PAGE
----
WSJ Contest — Friday, January 25, 2019

6ish grid; no time at all meta (Laura) 


Mike Shenk’s Wall Street Journal contest crossword, “Four Characters in Search of a Movie”—Laura’s review

I’m very pleased to be reviewing this metapuzzle by Mike Shenk; I hope to solve many more by him in the future. For those looking for Raul Ellaray and his frequent cosolver Sally J. Reese, be assured that they may return if the need arises.

WSJ Contest - 1.25.19 - Solution

WSJ Contest – 1.25.19 – Solution

This week were looking for “a film of the 2010s.” Here in New Hampshire, the snow glows white on the mountain tonight as I solve this grid:

  • [17a: Recipe stored in an Atlanta vault]: COCACOLA FORMULA
  • [23a: Chef’s concoction named for Louis XIV’s chief steward]: BECHAMEL SAUCE
  • [42a: Chad, for one]: AFRICAN NATION
  • [55a: Caret rotated 90 degrees clockwise]: GREATER THAN SIGN

It’s time to see what I can do, to test the limits and break through this meta, to find the names of four characters hidden in the theme entries:

COCACOLA FORMULA = OLAF, the snowman in Disney’s 2013 film Frozen
BECHAMEL SAUCE = ELSA, Queen of Arendelle
AFRICAN NATION = ANNA, Elsa’s younger sister
GREATER THAN SIGN = HANS, a prince who is wooing Anna

Can’t hold it back anymore — there’s our answer! I’d give this 0.5 metaweeks on the Gaffney Scale — a nice, simple entry-level contest puzzle. Let the storm rage on!





This entry was posted in Contests and tagged . Bookmark the permalink.

8 Responses to WSJ Contest — Friday, January 25, 2019

  1. Matthew G. says:

    Wow — was I overcomplicating things. I thought that the word “character” had something to do with accent marks. Coca-Cola has a hyphen in it, Béchamel has an acute accent, the African nation could have been Côte d’Ivoire, and of course the greater than sign is >. Spent some time exploring that avenue and never got back to it see the forest for the trees.

  2. Dan Seidman says:

    I like how each of the characters’ names has four characters.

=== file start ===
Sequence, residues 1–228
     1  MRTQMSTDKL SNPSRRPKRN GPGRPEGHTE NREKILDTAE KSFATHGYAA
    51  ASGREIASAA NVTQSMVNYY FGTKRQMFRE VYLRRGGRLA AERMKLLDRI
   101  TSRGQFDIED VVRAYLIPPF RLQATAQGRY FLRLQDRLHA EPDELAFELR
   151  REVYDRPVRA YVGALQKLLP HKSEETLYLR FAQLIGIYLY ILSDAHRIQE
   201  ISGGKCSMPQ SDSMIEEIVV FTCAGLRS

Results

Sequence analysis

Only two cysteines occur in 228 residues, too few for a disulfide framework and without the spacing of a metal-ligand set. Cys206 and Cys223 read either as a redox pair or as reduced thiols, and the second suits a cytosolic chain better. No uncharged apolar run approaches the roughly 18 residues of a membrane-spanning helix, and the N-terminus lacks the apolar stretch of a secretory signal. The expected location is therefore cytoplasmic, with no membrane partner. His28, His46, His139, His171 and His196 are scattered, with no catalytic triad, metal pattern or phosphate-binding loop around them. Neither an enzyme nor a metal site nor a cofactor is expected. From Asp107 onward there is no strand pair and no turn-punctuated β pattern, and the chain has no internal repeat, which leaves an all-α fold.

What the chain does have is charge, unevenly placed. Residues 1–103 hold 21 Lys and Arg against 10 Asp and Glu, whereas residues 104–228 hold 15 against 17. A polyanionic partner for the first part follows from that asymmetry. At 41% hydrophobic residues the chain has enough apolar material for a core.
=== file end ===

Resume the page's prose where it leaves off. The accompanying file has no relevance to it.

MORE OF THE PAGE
3. Mister G says:

    I haven’t seen a movie of any kind in over 20 years, just not my thing. That said, my neighbor did have an Olaf figurine on his lawn the past two Christmas seasons, and I learned it was from some movie called “Frozen”, but the chances of me making that association here were slim to none. I dunno, I suppose movies are fair game for a subject, but I wonder if there are a lot of other non-movie buffs out there.

    • Ben says:

      I haven’t seen Frozen, but I feel like the characters (and the song “Let It Go”) were pretty dominant in pop culture for a while. I’m actually impressed you managed to avoid the deluge! I only recognized ELSA at first, but from there it made sense that the game was to find four “characters,” making the names ANNA, HANS, and OLAF jump out.

  4. Ben says:

    One of the easier ones from Mike, but I won’t complain since it was a nice relaxing meta compared to some Fridays when I’m tearing my hair out. Plus, my fiancee who rarely does crosswords is strangely good at solving metas, so I’m always proud when I can figure one out without her help!

  5. JohnH says:

    Hidden answers crossing two-word phrases is no doubt the most straightforward contest approach, and there is only one step after that. So I could see why so many found this one incredibly easy or instantaneous.

    It was definitely hard for me because of a Disney movie. I outgrew those long ago and don’t have kids. So I’d have had to guess a lot and then surf the Web. But I’m not complaining. It’s just not for me. (Even range of “grown-up” movies in puzzles, NYT especially, run to cartoon action heroes that I also outgrew at age 8, but so that’s another issue entirely.)

    I got started on another wrong path. Bechamel is unusual, so I wondered what could justify its appearance, and I noted a resemblance to (Zoey) Deschanel. Another clue had a work kinda sorta close to (James) Caan. And they did appear together in a movie, only the other two theme entries refused to fit the pattern.

Comments are closed.